Hello, and for those of you who are new to Binghamton University, welcome. For the underclassmen still donning Cornell sweatshirts and clinging to the very slim possibility that you will transfer there next year, you should probably accept your fate and drown your sorrows at The Rat. I’ll pick you up around 8 p.m. For seniors embarking on your final year of undergrad, brace for a slew of sentimental comrades reminding you that each college event will be your last and to prepare for your impending doom as an entry-level punching bag.
This past week has enjoyed its fair share of welcome-back parties, and with it hosts a series of droll conversations in which strangers feign interest in each other’s “goals.” I stumbled upon one of these unfortunate interactions between two young men, who both vowed to have sex with a girl before the end of the semester, which hopefully won’t impede upon their other plans of going to the gym at least three times a week and getting a 4.0.
To these young men, I sympathize, but it would be impressive to accomplish even one of these objectives. I was under the same impression that I somehow had to do it all during my first semester and every semester after that. If you’re looking for a piece of unsolicited advice from a woman-child who still can’t drive on highways, here it is: Throw away all your goals. You will be far too busy to refer to that sticky note laden with promises that usually become compromised when life happens.
Somewhere along the way, college students lost their ability to create their own benchmarks and actually complete them. We can’t entirely blame movies like “Animal House” for compelling us to want to drink all, screw all and do all. The mantra of “doing college right” forces us to cram a lifetime of milestones into four short years. Finding yourself seems to be an idea we peddle to an insecure generation of freshmen as something that is supposed to happen in college in addition to finding best friends and a lucrative passion to study.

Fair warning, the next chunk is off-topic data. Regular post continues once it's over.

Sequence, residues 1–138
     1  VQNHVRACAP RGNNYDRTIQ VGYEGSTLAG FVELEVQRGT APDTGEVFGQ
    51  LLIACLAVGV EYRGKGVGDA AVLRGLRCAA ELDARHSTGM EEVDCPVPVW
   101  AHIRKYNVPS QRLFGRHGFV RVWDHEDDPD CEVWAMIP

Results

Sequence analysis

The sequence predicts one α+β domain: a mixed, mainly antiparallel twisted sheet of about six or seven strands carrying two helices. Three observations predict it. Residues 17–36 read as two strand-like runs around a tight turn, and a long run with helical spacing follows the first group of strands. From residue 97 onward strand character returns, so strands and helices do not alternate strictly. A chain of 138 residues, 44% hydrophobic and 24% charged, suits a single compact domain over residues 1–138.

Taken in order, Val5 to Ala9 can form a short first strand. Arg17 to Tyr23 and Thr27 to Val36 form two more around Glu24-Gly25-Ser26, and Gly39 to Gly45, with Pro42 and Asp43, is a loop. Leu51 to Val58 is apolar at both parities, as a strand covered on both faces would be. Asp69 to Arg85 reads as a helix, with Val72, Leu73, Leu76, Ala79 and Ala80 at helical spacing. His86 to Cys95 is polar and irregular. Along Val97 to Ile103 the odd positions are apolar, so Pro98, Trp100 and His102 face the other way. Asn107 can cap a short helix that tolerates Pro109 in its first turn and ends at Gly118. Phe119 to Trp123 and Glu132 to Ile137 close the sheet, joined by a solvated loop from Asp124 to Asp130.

Let things come to you. This doesn’t mean slack off on your studies or wait to be invited to things. Rather, do not let these goals hinder you from truly enjoying your time and tailoring your college experience to your interests. Gain the freshman 15 — you’ll lose it when you forget to eat during finals week. Have as much sex as you want or no sex at all. The great thing is that nobody cares about you or your business because you are irrelevant — you’re not on television and you’re not curing cancer. You’re just some kid who’s doing their best. The only person who might view your personal life with some shred of significance is your roommate because, well, “your boyfriend always leaves the toilet seat up when he’s over.”
So no matter what stage you’re at in this academic game riddled with hypersensitive, politically correct classmates, jaded professors who find regurgitating their words to be the highest form of flattery and enough ketamine to quell the Kentucky Derby, enjoy it. Anyone who says they know the key to success is a liar. You’ll just have to find it out for yourself along the way.
Kristen DiPietra is a senior double-majoring in English and human development.